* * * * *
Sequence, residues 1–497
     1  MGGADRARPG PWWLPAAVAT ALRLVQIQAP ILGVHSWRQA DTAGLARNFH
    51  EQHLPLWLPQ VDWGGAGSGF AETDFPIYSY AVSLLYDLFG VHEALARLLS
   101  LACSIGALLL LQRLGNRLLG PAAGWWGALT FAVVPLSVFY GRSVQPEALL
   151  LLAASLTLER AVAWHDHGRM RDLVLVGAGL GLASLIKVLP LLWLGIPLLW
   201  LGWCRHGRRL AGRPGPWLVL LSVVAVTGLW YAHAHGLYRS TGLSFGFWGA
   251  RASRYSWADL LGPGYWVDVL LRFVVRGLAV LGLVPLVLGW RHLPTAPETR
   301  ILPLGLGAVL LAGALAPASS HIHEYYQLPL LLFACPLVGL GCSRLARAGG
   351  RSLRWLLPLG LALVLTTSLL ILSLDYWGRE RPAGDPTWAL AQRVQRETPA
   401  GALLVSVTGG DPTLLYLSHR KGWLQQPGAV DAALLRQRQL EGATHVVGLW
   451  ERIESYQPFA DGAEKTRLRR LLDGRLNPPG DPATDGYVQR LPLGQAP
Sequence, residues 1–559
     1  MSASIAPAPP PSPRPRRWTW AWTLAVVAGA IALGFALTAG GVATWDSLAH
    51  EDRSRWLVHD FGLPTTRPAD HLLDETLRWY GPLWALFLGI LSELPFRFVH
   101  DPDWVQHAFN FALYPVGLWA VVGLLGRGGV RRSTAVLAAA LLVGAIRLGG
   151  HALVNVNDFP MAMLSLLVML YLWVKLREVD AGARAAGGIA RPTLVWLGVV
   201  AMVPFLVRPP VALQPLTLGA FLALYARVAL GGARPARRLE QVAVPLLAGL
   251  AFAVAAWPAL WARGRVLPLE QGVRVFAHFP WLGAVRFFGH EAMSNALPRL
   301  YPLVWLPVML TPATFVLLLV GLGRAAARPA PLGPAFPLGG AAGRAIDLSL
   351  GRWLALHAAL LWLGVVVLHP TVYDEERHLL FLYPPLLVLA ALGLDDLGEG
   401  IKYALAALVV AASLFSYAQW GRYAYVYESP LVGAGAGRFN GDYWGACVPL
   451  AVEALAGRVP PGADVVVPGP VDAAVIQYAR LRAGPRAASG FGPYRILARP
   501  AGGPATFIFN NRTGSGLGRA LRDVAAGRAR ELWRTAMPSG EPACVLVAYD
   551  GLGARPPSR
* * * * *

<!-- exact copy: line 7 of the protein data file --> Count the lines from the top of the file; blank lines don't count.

   251  RASRYSWADL LGPGYWVDVL LRFVVRGLAV LGLVPLVLGW RHLPTAPETR